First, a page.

Chancellor of the Exchequer Jeremy Hunt went for it in a big way in his Budget speech this week. Fewer than 400 words were spoken, barely three minutes completed, before we got to cross off the Budget Bingo card space labelled “science and technology superpower”.
As time passed, all the expected boxes were ticked off – quantum computing, artificial intelligence (AI), R&D, innovation, digital. We had a nod to the Hot Topic Of The Moment, ChatGPT, with a mention of Generative AI. And we even had what must have been the first budgetary appearance of “exascale”.
In case you didn’t get Hunt’s message – this is a government that wants to be serious (or at least, seen to be serious) about tech. And to be fair, it’s a welcome, refreshing change from budgets of yore, where you might find a passing reference to technology on page 136 of the accompanying HM Treasury “red book”. So, on that level – thanks, Jeremy. Much appreciated.
But as ever, context is everything. For example, Hunt announced a £2.5bn investment in quantum computing, alongside the long-awaited publication of a UK quantum strategy. However, that’s a 10-year funding period – so, £250m a year. Helpful, of course, but hardly world-changing. In comparison, China has so far committed over $15bn to its quantum sector, according to McKinsey.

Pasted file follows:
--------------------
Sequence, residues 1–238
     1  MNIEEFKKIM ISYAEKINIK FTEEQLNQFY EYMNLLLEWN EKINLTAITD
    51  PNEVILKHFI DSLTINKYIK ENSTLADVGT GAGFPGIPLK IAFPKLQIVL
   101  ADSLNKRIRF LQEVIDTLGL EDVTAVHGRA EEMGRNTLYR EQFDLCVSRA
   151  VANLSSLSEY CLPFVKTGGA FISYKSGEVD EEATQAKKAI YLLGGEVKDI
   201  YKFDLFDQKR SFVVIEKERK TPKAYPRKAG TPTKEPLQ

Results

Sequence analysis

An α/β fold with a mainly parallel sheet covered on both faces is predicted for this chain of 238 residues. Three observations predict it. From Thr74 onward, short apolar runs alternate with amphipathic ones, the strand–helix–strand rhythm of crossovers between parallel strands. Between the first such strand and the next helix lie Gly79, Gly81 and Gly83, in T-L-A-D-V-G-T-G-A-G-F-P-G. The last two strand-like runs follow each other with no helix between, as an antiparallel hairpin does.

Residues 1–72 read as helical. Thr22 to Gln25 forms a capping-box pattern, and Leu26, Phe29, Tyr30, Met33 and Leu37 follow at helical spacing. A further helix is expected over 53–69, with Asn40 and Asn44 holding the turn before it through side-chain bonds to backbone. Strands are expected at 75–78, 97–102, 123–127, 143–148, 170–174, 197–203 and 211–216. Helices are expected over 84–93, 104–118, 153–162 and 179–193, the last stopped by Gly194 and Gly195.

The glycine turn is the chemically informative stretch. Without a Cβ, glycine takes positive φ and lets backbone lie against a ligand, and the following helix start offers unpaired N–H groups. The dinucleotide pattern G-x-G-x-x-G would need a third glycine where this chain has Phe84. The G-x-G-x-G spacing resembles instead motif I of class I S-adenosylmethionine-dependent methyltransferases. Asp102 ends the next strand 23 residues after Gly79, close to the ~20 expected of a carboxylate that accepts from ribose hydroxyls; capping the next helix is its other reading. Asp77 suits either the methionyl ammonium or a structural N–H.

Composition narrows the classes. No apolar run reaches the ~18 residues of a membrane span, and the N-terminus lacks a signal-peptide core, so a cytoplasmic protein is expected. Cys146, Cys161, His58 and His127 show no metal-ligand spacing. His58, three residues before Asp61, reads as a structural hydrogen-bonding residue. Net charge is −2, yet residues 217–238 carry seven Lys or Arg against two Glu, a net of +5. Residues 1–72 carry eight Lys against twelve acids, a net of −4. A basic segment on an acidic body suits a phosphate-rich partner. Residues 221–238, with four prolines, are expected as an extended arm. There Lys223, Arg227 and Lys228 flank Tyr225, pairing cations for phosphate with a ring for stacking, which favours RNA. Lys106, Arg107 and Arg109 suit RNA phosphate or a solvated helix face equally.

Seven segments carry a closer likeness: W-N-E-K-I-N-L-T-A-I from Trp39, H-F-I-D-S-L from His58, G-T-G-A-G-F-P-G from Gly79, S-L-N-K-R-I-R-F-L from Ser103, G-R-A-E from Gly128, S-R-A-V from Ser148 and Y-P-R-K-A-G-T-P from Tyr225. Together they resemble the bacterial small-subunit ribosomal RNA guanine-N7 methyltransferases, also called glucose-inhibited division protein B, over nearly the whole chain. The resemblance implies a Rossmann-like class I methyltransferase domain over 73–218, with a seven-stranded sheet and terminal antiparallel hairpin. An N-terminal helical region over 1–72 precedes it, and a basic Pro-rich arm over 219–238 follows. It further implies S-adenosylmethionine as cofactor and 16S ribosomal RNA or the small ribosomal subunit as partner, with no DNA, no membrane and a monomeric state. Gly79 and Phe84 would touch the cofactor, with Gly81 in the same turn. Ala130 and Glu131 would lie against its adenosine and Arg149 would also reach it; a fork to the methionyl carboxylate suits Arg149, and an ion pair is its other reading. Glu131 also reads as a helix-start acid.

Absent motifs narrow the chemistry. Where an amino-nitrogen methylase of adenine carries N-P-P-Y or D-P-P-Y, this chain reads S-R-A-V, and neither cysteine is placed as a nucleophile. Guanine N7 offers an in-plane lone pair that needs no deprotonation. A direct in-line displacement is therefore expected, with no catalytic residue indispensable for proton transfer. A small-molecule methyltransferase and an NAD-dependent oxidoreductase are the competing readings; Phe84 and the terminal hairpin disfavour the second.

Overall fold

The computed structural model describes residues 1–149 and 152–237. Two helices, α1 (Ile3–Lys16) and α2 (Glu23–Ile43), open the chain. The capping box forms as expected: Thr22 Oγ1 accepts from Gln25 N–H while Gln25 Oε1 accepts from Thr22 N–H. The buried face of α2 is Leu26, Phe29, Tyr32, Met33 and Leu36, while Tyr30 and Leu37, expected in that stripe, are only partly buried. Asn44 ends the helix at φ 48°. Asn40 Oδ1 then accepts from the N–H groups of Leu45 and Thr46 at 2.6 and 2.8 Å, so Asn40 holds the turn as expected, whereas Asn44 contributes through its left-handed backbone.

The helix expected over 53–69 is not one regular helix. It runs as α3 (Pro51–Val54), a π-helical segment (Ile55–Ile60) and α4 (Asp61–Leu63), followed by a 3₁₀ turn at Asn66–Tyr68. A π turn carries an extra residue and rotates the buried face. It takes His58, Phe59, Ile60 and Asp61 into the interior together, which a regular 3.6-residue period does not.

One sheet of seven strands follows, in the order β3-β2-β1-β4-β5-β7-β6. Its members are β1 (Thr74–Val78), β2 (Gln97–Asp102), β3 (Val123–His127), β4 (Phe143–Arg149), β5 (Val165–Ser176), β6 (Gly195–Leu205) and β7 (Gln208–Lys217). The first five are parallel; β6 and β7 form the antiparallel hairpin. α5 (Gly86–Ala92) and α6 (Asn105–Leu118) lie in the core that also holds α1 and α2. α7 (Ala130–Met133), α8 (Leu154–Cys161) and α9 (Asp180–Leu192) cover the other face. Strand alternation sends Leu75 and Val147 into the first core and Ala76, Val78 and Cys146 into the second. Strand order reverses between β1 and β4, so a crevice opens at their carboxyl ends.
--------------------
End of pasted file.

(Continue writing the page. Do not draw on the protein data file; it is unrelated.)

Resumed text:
By the way, we still await the equally long-promised strategy for the UK semiconductor industry, which perhaps needed revision after ARM confirmed its plan to list shares in the US, not its original home in the UK.
Hunt also announced a new £1m annual award for the best British AI research, labelled the Manchester Prize. Meanwhile, the US is investing $71bn into AI, and China $34bn. To be fair, the UK is recognised as the third highest investor in AI globally – fourth if you include the EU as a single block – at $7.2bn in total. Not insignificant, but a relative drop in the ocean compared to the US and China. Which of those would you label as “superpowers”?
The UK finds itself in something of an invidious position. Let’s not doubt the ambition – the government recognises that leadership in technology will be fundamental to economic growth and global influence. In certain niches, perhaps we can still be world-leading. But realistically, we cannot compete on money, resources or skills against the US, China and EU. Brexit has, of course, exacerbated the problem – look at the devastating effect of losing EU Horizon funding on UK science research.
Aiming to be a standalone science and technology superpower makes for a great headline. But it needs to be matched with realism – and an acknowledgement that in tech, great power ultimately comes from great collaborations.